Rajiv Shah nominated to head USAID
After months of delays because of tangled vetting procedures, the Obama administration on Tuesday named a former executive with the Bill and Melinda Gates Foundation to run its main foreign aid arm, the U.S. Agency for International Development.
The official, Rajiv J Shah, a medical doctor and health economist now at the Agriculture Department, would take over an agency whose power and profile have eroded in recent years, but which is enmeshed in some of the administration’s toughest challenges, including Iraq, Afghanistan and Pakistan.
Shah’s appointment, if confirmed by the Senate, would bring an end to 10 months of leadership drift at the agency that has deeply frustrated Secretary of State Hillary Rodham Clinton. Clinton placed development at the heart of her diplomatic agenda, but she has struggled to find a candidate who could navigate the exhaustive confirmation process.
Paul Farmer, a renowned physician and anthropologist who has run public health programs in Rwanda and Haiti, was one of several candidates who withdrew his name for the post, citing the intrusiveness of the process. In July, Clinton publicly vented her anger, saying the confirmation process was “ridiculous” and “frustrating beyond words.”
The leadership vacuum at the agency has become especially acute as the Obama administration has stepped up the deployment of civilian personnel to Afghanistan. The Agriculture Department has taken the lead in one of the most ambitious efforts: sending agricultural economists to advise farmers on how to wean themselves off poppies and move into legal crops.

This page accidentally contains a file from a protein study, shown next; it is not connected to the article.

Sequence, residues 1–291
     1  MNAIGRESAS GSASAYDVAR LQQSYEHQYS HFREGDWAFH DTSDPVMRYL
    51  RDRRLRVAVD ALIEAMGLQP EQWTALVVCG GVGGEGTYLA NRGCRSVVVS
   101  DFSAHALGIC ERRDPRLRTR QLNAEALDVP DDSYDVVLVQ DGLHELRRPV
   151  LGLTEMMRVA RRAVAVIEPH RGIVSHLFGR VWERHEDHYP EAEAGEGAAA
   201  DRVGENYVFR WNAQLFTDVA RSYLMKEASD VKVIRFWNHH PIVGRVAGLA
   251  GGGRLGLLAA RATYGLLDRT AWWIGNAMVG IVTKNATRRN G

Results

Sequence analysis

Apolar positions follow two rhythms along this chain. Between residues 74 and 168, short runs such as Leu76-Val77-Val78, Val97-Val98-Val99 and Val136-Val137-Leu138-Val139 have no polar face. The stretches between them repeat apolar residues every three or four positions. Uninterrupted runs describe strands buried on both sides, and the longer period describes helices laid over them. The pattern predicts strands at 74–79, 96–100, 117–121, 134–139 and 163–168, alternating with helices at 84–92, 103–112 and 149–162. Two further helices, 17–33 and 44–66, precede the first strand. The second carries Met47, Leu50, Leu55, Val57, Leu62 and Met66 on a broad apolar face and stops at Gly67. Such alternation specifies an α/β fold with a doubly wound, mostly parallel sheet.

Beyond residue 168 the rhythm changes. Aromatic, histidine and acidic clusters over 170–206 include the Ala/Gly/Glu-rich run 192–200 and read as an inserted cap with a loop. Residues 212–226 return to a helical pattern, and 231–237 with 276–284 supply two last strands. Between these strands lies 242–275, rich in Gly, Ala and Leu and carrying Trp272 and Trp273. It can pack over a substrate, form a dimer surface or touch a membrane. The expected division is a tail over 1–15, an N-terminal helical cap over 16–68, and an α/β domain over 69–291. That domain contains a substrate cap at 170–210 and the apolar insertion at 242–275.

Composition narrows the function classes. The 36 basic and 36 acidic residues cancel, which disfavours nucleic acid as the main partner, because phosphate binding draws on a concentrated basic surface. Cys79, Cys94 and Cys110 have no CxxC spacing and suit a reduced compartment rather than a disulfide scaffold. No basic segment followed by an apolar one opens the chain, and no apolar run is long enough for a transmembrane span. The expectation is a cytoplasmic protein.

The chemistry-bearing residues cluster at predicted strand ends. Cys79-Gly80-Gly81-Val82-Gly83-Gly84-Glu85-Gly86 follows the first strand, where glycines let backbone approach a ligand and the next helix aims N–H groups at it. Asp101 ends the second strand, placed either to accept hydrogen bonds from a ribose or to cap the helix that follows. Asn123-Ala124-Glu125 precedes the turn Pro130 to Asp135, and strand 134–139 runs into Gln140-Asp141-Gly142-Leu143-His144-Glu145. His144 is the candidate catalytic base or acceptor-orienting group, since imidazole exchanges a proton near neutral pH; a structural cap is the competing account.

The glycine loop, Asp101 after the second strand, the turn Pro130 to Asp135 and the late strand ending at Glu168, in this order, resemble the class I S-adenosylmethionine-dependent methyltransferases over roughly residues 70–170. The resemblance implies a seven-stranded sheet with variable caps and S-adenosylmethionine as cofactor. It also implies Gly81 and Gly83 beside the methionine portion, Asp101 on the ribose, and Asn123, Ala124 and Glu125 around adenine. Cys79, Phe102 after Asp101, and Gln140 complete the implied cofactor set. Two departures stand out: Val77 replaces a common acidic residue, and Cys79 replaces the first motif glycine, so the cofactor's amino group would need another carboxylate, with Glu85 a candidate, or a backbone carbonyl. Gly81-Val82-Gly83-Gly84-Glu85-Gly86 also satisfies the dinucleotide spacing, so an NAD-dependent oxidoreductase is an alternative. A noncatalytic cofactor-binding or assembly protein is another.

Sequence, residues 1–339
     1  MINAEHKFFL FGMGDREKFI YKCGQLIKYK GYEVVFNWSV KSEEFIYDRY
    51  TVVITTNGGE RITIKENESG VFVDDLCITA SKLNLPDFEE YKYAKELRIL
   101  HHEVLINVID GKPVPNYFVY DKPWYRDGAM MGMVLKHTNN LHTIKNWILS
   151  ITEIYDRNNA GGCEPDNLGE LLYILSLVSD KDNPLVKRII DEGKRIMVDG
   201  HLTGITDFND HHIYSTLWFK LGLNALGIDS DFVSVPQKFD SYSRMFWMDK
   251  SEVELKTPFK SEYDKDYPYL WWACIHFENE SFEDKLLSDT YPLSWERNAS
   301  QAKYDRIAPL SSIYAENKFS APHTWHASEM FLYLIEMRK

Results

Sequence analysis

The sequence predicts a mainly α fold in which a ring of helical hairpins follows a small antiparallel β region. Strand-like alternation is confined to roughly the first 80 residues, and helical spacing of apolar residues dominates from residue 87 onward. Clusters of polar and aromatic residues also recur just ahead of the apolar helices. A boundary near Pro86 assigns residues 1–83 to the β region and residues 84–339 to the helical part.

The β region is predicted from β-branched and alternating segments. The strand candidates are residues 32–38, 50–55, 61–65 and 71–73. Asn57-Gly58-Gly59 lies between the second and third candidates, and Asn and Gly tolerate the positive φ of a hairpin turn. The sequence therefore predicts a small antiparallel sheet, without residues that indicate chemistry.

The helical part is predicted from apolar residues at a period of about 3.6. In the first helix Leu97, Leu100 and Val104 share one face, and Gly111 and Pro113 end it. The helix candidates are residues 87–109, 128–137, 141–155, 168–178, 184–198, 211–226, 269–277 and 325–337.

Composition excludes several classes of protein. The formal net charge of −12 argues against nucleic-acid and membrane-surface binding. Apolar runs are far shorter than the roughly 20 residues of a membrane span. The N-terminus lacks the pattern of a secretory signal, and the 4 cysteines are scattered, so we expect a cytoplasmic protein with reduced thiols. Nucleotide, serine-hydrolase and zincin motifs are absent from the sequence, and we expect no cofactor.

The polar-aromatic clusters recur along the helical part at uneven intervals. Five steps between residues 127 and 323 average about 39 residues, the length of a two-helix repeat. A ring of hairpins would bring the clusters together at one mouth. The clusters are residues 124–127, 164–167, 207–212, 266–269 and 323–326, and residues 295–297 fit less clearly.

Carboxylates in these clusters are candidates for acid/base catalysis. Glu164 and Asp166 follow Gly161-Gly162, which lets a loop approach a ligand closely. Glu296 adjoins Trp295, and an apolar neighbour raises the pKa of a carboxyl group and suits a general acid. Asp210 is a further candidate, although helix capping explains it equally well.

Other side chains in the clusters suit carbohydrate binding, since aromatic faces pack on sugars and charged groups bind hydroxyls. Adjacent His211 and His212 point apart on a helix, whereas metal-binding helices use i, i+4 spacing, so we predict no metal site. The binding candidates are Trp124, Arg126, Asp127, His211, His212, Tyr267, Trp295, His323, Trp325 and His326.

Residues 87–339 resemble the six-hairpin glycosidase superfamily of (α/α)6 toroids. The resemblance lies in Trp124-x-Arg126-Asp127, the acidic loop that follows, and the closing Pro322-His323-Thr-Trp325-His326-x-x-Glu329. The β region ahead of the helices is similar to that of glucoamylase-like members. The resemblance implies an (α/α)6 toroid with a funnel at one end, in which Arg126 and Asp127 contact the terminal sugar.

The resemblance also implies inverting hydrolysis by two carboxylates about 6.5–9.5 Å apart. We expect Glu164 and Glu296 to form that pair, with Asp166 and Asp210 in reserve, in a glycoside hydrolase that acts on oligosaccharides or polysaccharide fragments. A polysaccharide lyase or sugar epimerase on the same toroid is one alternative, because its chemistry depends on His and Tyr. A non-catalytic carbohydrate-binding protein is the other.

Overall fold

Shah, 36, served as the director of agricultural development and managed a $1.5 billion investment in a vaccine fund for the Bill and Melinda Gates Foundation. At the Agriculture Department, he is the chief scientist and under secretary for research, education and economics. He is also active in the administration’s global food security initiative.
“He’s an extraordinary talent,” Agriculture Secretary Tom Vilsack said. “He’s brilliant, but has not lost his common touch in his capacity to reach people.”
In a statement from Singapore, where she was traveling, Clinton said Shah would bring “an impressive record of accomplishment and a deep understanding of what works in development.”
Shah, whose family immigrated to the United States from India, also has political connections, having campaigned for President Barack Obama and served as a health policy adviser to former Vice President Al Gore during Gore’s presidential campaign.
Development experts said they were pleased by Shah’s appointment, but even more pleased that the administration had finally found someone to fill the job. Because Shah has already been confirmed by the Senate once before, the administration is hopeful that he will be approved quickly.
“This administration has inherited a very weak and fragmented USAID and aid infrastructure,” said David Beckmann, the president of Bread for the World, a Christian group that advocates for hunger relief. “By getting someone in that position, Mrs. Clinton has taken a step forward.”
Beckmann called for Obama to restore the agency’s profile by giving Shah a seat on the National Security Council, and for Clinton to give back its independent budget and policymaking authority, which had been subsumed by the State Department.